March 29, 2012 The AA bankruptcy
If you have been living under a rock, AA entered chapter 11 several months ago. Chapter 11 is a section of the U.S. Bankruptcy code that allows companies to continue to operate while staying some financial obligations. In order to use Ch. 11, the companies must obtain debtor-in-possession financing. AA must find someone to continue financing them through the bankruptcy process.
In order to exit Ch. 11 AA must put together a plan that shows it will be able to make a sustained profit. That plan has to be approved by AA’s creditors. Normally this is a pro-forma step. A lot of companies have doing so “prepackaged bankruptcy” where there is a plan ready to go from the moment ch. 11 is declared. But with AA they neither had a plan ready to go and there is another issue.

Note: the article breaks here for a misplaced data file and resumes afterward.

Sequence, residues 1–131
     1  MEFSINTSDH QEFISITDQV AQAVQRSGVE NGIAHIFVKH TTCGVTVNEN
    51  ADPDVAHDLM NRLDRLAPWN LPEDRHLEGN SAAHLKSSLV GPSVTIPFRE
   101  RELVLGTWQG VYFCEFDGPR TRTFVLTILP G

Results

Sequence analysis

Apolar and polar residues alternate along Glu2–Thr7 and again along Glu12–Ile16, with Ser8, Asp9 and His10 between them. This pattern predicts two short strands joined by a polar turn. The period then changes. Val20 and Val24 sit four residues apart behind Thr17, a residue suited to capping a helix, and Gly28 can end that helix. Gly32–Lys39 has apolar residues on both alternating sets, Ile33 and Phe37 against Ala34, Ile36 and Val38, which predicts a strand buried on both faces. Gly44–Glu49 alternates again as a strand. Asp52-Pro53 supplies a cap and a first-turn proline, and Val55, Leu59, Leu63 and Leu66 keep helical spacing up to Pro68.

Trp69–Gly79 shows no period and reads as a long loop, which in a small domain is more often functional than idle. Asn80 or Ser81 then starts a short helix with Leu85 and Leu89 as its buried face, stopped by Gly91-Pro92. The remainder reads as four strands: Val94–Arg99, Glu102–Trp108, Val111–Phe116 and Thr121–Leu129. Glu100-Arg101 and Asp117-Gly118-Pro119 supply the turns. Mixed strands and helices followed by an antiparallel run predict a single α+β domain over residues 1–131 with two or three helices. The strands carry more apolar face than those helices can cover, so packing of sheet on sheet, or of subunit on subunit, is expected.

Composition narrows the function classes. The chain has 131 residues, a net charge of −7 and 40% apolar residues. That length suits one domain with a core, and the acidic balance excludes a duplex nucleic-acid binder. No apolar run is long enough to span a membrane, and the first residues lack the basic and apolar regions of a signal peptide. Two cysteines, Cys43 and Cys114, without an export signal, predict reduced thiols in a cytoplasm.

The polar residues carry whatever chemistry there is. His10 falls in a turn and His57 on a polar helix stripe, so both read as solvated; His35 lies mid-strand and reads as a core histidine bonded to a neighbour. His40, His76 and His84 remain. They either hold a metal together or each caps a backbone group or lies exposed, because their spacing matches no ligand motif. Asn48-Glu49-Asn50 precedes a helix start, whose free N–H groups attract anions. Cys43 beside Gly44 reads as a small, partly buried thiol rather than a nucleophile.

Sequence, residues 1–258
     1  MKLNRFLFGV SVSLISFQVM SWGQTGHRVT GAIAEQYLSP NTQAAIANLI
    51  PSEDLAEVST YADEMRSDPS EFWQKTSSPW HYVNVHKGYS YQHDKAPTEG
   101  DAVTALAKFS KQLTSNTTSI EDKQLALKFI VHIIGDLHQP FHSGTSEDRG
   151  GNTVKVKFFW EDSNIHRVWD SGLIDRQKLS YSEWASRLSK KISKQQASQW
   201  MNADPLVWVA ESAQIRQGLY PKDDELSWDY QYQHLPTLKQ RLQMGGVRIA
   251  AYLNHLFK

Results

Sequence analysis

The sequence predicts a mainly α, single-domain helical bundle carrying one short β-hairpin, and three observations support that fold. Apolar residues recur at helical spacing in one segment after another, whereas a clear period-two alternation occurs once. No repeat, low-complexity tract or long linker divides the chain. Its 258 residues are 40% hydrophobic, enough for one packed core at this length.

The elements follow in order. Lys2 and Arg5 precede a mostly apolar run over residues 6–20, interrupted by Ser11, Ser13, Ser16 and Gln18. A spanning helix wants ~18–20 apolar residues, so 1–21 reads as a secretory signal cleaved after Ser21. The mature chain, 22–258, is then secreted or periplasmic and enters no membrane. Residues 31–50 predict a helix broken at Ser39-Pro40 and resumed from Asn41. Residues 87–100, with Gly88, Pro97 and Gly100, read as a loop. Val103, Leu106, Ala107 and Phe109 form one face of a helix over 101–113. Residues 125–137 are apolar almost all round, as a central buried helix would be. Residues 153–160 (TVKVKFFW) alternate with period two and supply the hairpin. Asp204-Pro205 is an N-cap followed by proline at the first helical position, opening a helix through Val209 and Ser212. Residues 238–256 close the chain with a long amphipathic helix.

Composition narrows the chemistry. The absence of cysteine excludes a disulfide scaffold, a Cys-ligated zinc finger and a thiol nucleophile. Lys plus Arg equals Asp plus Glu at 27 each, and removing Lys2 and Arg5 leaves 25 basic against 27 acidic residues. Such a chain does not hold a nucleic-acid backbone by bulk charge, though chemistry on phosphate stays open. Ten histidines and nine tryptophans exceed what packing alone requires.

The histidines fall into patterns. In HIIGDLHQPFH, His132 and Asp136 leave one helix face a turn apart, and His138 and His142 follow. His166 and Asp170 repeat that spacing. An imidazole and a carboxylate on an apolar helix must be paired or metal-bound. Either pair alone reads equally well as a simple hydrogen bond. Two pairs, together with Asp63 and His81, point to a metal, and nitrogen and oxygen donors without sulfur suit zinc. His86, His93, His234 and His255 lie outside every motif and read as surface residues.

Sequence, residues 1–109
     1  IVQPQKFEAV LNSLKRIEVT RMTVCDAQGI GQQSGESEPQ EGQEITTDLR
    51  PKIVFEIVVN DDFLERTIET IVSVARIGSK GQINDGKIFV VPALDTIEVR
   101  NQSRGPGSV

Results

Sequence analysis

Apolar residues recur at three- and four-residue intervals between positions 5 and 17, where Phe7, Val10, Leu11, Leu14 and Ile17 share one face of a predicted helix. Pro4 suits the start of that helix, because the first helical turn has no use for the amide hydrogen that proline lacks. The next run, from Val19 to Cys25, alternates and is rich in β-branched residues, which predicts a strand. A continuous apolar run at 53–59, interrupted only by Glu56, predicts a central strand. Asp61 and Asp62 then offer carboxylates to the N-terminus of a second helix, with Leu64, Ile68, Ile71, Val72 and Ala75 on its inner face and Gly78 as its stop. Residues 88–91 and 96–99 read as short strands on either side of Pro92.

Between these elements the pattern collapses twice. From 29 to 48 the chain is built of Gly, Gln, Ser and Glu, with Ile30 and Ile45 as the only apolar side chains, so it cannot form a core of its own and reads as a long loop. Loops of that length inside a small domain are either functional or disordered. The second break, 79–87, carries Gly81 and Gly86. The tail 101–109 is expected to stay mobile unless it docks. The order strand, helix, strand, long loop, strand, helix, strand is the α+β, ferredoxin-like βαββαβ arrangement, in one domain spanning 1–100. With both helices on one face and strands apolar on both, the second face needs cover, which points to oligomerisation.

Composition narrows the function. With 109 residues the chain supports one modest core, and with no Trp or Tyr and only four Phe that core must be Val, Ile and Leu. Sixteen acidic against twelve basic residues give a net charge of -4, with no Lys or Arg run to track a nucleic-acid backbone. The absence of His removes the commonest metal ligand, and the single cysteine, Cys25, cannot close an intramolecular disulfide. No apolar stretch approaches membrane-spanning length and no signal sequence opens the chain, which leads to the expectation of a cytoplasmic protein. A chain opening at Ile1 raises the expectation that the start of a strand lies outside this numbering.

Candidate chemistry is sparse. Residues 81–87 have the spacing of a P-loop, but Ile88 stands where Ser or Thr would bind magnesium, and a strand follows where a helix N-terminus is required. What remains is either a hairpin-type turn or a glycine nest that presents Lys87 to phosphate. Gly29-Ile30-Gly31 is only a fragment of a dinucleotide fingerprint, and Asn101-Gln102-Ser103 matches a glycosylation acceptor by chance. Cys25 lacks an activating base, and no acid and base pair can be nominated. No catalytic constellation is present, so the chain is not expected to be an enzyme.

U.S. Airways is going to make a bid for AA in Bankruptcy. What this means is that US presents its plan to the creditors and tries to get them to approve the plan. Then it goes before the judge who will make the final decision on the case. US tried this before with the DL bankruptcy back in 2006 and it did not work. DL fought off US. The big advantage to picking up AA in bankruptcy is that gets to dictate the terms of the merger, much like the AA/TW merger in 2001.
Will US be able to pick up AA? I don’t know. AA is a much weaker company than DL when it entered bankruptcy, with an inferior cost structure. It all depends on how the creditors see AA and the US bid. What we do know is that US wants to merger badly, and AA wants to fight them off just as badly.